For players in the communications revolution, Michael Powell could be either a liberator or a prophet of doom.
As the newly inaugurated George W. Bush administration organizes its file cabinets, Powell is expected to loosen the reins on growing high-speed networks after his anticipated promotion to chairman of the Federal Communications Commission.
Nervously pacing the sidelines, the industries that have been guided, impeded and protected by federal regulation are watching closely for new signals from the Republican-chaired FCC. For competitive local exchange carriers, any shift favoring the regional Bells could be fatal, said John D. Windhausen Jr., president of the Association for Local Telecommunications Services.
"This coming year is a pivotal year for local communications policy," Windhausen said. "Our companies dont have strong enough roots to survive an economic downturn, and dont have strong enough roots to survive a policy change. If the Bush administration turns back to a pro-monopoly policy, we could be dead as an industry."
In the opposite camp, the U.S. Telecom Association is hoping the Powell-led FCC unyokes the regional Bells, moves more quickly on policy and merger decisions, and begins treating cable operators and phone companies equally.
As an FCC commissioner, Powell has called for speedier decisions and a more global view of the communications industry. He has also expressed the belief that the FCC should be concerned about consumer protection, but not frozen by it.
"We would look forward to his chairmanship, in a word," said Gary R. Lytle, interim president of the U.S. Telecom Association, which represents the regional Bells.
Lytle also takes exception to some of the social programs that outgoing Chairman William Kennard considered his major accomplishments raising fees and taxes to support Internet access to the schools, and crossing the "Digital Divide" into poor, rural or underserved regions.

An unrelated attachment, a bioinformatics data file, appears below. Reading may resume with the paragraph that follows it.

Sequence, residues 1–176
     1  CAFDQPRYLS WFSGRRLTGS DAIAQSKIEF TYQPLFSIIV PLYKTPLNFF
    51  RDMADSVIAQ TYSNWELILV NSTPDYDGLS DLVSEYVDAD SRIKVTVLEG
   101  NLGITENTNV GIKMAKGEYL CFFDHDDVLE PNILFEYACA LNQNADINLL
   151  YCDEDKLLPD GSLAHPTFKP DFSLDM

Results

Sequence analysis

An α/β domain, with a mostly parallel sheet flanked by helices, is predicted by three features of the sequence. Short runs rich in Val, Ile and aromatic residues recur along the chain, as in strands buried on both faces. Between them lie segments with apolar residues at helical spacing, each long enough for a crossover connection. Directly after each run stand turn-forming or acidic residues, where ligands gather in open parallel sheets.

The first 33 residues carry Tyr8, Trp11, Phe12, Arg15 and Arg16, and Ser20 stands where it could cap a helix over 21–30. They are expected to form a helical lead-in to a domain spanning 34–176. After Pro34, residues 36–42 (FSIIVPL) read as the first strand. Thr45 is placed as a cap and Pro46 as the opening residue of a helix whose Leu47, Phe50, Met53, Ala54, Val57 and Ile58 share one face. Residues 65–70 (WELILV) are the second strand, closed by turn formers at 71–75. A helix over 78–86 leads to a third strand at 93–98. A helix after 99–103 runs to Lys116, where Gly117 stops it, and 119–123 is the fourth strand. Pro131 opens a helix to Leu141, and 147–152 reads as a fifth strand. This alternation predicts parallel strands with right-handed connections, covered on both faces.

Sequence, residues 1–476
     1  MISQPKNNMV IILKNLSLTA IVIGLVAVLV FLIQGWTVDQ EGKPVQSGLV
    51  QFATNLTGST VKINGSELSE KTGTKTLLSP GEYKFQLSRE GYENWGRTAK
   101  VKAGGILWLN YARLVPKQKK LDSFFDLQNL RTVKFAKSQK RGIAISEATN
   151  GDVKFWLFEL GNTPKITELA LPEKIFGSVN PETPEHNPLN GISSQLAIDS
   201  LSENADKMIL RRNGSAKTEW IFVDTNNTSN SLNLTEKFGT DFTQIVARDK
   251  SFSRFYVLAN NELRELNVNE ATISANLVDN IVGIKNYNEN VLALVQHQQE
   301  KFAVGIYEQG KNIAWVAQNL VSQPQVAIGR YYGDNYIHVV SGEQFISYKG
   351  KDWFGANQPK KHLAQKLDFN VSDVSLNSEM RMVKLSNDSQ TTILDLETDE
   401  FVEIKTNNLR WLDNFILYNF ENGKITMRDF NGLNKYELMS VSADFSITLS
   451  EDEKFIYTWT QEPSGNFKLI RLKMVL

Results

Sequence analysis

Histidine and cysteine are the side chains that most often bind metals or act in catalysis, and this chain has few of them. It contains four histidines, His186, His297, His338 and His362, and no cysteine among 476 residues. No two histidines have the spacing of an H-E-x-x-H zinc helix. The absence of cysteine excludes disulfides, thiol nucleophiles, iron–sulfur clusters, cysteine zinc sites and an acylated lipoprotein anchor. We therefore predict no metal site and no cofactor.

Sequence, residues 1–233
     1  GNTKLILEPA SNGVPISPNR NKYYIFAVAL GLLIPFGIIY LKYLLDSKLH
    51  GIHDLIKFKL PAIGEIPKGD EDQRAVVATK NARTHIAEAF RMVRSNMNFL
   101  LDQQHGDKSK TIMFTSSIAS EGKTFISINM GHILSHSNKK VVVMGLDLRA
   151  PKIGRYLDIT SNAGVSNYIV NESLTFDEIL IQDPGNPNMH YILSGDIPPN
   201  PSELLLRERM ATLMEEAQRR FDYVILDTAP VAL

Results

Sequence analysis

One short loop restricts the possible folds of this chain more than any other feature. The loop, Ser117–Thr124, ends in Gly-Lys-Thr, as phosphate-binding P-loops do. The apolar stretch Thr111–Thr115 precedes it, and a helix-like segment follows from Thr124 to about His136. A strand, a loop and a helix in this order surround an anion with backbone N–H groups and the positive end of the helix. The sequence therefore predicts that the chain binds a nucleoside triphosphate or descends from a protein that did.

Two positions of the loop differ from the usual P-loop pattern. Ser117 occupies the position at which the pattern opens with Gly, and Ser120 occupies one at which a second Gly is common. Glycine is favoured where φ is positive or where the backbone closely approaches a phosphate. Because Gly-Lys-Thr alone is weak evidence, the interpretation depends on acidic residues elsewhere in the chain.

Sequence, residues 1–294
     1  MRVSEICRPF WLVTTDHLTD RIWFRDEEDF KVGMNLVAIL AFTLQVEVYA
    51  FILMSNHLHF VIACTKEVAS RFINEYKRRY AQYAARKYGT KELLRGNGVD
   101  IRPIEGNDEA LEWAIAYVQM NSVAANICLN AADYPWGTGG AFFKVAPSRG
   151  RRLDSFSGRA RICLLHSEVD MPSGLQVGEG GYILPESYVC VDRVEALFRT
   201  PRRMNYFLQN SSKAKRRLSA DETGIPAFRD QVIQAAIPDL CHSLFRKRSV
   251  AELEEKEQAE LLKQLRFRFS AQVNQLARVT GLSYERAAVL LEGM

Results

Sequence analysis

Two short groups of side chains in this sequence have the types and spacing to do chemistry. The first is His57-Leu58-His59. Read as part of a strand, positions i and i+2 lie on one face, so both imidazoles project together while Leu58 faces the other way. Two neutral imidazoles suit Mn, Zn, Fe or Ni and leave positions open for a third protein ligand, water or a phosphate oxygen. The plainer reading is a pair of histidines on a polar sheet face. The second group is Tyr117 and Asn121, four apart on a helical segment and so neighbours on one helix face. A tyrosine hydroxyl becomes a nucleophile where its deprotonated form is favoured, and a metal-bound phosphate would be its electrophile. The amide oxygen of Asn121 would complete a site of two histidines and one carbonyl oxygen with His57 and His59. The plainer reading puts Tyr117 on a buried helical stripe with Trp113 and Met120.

Powell, the son of secretary of state designee Colin Powell, shares a bit of his fathers Army background and boasts a résumé deep in legal and regulatory experience.
While Democrat Kennard prided himself on his restraint in regulating the cable industry and allowing the Internet to develop relatively unfettered, the Republican Powell is expected to take an even more hands-off approach.
"I think youll see Michael Powell take a different view," said Randolph May, director of communications policy studies at the Progress & Freedom Foundation. "My advice has been that the FCC chairman has to try and steer the commission away from" Kennards micromanagement.
Powells chief concern with the FCCs recent conditions on the America Online-Time Warner merger was that it augured the dawn of Internet regulation. He also expressed concern about forcing the Time Warner cable operation to open access to rival Internet providers, a condition imposed by the Federal Trade Commission.
In general, Powell views the Internet age as one of historys great migrations, kicking up clouds of dust and changing the landscape.
Kennard, for his part, saw the FCC as an important agent of change. Imagining historys view of his era, Kennard hopes "they will say that late in the 20th century, a sleepy, backwater agency called the Federal Communications Commission, described by some as a New Deal dinosaur from the 1930s, came to life, reinvented itself, engaged the future and helped to launch our nation into the Broadband Internet Age."